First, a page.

The United States is no longer the global leader in postsecondary degrees, according to an article in the The Washington Post.
A postsecondary degree is any degree that one attains after high school. It could be an Associate’s Degree, Bachelor’s Degree or Master’s Degree.
This trend is consistent with other findings that k-12 students in the United States are lagging behind many other foreign students.
The Washington Post cited a recent report from the College Board, stating that the United States has fallen from first to 12th in the number of adults aged 25-34 with a postsecondary degree. Only 40.4 percent of adults in the aforementioned age range hold degrees, as of 2007.
The report stated that Canada is now the global leader in adults with postsecondary degrees. 55.8 percent of Canadian adults have a postsecondary degree, also as of 2007.
This report was presented to Capitol Hill on Thursday, July 22nd. Politicians and upper-echelon educators have posted a goal of becoming the global leader in education by 2025, with 55 percent of the adult population holding a postsecondary degree.
President Barack Obama, however, has slightly different goals. His American Graduation Initiative aims at reclaiming global leadership for adults with postsecondary degrees by 2020.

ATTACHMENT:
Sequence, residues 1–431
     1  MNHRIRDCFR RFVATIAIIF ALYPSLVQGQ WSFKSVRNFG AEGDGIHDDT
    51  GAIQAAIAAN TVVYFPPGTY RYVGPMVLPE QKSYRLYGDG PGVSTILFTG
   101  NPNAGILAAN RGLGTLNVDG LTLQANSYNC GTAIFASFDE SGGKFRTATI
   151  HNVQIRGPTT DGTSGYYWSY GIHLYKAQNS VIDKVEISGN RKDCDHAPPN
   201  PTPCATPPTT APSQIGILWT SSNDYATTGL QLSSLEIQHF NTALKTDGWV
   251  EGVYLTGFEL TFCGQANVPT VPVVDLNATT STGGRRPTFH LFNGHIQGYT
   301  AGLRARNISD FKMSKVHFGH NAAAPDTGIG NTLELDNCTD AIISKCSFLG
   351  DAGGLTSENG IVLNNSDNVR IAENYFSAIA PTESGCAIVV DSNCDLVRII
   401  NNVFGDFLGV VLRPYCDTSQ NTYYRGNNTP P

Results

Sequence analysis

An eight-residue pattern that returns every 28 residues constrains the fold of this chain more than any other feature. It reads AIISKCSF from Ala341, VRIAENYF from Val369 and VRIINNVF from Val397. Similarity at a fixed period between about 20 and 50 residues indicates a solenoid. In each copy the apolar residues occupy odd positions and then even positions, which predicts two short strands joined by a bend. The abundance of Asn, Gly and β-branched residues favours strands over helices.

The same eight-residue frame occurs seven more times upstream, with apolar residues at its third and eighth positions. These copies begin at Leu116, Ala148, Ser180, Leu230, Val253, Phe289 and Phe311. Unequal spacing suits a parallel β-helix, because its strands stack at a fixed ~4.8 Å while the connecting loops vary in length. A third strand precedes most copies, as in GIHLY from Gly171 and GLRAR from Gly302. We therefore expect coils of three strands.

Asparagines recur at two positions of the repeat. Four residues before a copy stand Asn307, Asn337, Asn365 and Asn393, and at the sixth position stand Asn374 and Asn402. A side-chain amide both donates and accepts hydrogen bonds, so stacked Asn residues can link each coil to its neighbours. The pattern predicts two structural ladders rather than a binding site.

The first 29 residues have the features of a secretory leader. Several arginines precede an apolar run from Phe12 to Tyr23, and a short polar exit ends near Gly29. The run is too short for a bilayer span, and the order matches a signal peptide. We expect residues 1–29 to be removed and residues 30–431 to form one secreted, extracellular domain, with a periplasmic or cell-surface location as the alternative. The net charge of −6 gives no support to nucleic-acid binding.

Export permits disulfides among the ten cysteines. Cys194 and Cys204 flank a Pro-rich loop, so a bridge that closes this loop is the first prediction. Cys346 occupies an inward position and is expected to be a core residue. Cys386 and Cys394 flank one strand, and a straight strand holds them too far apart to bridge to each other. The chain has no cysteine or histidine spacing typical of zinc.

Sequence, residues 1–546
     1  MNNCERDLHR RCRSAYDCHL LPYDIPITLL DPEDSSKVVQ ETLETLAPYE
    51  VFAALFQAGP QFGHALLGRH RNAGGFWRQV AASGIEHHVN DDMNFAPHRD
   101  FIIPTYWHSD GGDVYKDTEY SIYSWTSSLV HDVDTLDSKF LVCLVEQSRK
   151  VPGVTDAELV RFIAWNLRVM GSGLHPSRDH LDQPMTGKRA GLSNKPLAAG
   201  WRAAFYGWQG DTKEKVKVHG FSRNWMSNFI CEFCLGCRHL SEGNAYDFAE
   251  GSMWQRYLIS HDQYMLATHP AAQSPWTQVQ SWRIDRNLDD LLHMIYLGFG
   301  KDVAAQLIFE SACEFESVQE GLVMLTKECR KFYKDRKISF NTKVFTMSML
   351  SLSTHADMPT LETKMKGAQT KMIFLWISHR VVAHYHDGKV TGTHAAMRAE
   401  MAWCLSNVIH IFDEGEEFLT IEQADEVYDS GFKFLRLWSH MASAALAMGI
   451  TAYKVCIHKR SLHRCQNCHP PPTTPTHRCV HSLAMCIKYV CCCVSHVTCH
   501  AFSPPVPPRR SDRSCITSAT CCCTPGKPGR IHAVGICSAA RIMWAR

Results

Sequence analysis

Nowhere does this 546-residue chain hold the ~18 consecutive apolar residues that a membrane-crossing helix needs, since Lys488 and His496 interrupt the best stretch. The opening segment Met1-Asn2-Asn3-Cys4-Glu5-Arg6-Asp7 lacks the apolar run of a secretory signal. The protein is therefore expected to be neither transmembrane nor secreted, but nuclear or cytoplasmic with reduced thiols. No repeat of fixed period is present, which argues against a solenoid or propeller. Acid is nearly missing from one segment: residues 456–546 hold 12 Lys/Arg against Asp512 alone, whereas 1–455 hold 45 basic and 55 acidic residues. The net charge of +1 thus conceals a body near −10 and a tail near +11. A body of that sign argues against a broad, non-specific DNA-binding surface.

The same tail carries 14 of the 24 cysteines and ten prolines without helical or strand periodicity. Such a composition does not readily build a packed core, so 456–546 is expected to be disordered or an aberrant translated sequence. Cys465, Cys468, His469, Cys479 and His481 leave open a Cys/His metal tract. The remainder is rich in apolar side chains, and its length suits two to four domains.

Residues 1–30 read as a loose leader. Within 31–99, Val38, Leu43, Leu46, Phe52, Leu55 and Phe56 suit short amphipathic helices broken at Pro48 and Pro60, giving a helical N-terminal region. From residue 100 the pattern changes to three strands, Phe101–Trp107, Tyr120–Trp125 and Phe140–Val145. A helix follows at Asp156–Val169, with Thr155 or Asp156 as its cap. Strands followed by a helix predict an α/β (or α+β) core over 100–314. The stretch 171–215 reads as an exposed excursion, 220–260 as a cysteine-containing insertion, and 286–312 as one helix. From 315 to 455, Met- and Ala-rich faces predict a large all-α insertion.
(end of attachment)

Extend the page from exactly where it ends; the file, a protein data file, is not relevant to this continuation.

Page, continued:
This report only considered young adults aged 25-34. The United States ranks sixth, globally when older adults are considered.
The College Board’s report is creating concern among politicians and educators because Generation Y (age group 18-34) is speculated to be the first generation in the modern era to be less-educated than their parents.
However, the percentage of young adults with postsecondary degrees has actually risen from 38.1 percent in 2000 to 41.6 in 2008, according to The Washington Post’s citation of census data.
The report also ranked the most educated states. The District of Columbia was considered a state, and it is the most educated with 62.2 percent of adults aged 25-34 holding a postsecondary degree.
Many policy-makers and education administrators are implementing programs to foster stronger education in the United States. They are recommending that state and national leaders implement universal pre-kindergarten education programs, even for low-income students. Policy-makers are pushing for more efficient college counseling programs that significantly reduce dropout rates and more streamlined college admission programs. It is believed that some of these programs could produce more college graduates.